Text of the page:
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A 'sky map' that locates solar system in Milky Way

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This animation zooms in from a view of the Milky Way Galaxy to our heliosphere. It sets the scale for our home in the galaxy. Image credit: NASA/Goddard Space Flight Center

WASHINGON (BNS): NASA's Interstellar Boundary Explorer (IBEX) spacecraft has made it possible for scientists to construct the first comprehensive sky map of our solar system and its location in the Milky Way galaxy which will help them view and study the interaction between our galaxy and Sun.

The sky map was produced with data that two detectors on the spacecraft collected during six months of observations, NASA said.

The detectors measured and counted particles scientists refer to as “energetic neutral atoms.” These atoms are created in an area of our solar system known as interstellar boundary region. This region is where charged particles from the Sun, called the solar wind, flow outward far beyond the orbits of the planets and collide with material between stars. The energetic neutral atoms travel inward toward the Sun from interstellar space at velocities ranging from 100,000 mph to over 2.4 million mph.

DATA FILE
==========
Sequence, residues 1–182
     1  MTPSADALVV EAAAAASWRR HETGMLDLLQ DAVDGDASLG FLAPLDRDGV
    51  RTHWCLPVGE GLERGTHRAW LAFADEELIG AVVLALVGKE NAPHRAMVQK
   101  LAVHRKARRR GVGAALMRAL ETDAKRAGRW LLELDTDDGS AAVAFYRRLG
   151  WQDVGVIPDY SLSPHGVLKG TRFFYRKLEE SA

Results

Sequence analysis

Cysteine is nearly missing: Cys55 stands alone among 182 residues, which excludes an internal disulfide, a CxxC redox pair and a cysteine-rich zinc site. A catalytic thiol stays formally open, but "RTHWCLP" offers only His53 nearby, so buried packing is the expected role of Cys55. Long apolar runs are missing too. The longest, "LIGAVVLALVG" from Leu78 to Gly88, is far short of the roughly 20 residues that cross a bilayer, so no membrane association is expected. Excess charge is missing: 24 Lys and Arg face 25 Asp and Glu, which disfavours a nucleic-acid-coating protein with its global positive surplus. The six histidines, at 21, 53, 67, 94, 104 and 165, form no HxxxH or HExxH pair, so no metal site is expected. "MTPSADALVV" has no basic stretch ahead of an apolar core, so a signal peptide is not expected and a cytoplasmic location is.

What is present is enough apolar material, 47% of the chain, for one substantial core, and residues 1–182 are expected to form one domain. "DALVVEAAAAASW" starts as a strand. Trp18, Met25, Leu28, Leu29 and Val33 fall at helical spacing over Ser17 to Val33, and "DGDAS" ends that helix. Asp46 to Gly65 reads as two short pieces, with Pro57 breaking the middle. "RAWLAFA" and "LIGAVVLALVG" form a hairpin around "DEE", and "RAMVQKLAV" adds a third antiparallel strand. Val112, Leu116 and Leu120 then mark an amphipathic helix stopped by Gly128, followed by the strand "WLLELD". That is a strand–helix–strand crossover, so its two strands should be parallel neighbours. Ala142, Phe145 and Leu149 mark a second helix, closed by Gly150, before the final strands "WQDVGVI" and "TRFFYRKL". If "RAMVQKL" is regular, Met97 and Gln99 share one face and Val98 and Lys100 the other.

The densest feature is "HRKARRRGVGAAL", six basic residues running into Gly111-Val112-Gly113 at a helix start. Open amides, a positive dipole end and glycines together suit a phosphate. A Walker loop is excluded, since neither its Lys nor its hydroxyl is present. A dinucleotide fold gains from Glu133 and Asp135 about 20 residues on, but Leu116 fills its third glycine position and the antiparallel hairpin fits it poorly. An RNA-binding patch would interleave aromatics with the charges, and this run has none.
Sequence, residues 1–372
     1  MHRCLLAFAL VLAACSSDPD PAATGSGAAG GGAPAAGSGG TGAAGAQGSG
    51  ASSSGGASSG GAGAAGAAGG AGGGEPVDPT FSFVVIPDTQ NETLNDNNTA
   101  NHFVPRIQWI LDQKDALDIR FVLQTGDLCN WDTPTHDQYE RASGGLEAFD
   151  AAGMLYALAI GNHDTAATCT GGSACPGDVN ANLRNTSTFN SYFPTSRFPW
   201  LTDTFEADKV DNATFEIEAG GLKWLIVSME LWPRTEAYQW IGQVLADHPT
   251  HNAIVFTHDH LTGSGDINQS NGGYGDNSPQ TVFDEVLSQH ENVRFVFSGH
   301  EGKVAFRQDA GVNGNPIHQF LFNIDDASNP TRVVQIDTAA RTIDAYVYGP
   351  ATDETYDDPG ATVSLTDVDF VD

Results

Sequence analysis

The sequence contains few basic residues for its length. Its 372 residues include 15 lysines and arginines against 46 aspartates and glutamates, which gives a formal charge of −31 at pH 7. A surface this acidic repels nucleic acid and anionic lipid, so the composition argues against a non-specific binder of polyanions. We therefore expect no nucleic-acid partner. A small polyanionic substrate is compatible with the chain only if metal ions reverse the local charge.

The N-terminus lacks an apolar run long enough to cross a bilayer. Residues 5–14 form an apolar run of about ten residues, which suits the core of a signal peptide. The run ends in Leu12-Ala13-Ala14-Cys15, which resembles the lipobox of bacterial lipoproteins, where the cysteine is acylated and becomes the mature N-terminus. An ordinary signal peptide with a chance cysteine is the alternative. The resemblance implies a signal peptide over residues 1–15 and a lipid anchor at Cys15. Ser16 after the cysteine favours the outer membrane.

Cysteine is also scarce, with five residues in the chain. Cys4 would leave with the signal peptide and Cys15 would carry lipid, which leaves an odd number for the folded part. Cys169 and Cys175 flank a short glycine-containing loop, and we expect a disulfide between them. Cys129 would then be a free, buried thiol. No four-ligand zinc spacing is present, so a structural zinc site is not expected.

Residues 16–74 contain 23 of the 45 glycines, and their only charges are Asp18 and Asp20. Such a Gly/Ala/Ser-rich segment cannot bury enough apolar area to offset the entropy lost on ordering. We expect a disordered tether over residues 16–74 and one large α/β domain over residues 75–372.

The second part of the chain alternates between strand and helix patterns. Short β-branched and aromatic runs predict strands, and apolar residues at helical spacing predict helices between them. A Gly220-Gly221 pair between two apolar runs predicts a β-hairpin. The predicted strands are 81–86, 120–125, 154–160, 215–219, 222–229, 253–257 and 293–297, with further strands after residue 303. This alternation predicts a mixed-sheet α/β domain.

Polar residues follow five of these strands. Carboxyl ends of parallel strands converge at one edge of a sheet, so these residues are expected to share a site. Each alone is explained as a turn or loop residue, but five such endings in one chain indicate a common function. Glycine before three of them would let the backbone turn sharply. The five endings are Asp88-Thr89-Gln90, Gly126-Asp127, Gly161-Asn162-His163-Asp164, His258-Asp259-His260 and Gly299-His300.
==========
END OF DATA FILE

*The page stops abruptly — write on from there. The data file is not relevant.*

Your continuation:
The new map reveals the region that separates the nearest reaches of our galaxy, called the local interstellar medium, from our heliosphere – a protective bubble that shields and protects our solar system from most of the dangerous cosmic radiation traveling through space.

“For the first time, we're sticking our heads out of the Sun's atmosphere and beginning to really understand our place in the galaxy,” said David J. McComas, IBEX principal investigator and assistant vice president of the Space Science and Engineering Division at Southwest Research Institute in San Antonio.

“The IBEX results are truly remarkable, with a narrow ribbon of bright details or emissions not resembling any of the current theoretical models of this region,” McComas said.

Observations from NASA’s Cassini and Voyager spacecraft also supplemented the IBEX data.

The IBEX spacecraft was launched in October 2008. Its science objective was to discover the nature of interactions between the solar wind and the interstellar medium at the edge of our solar system.

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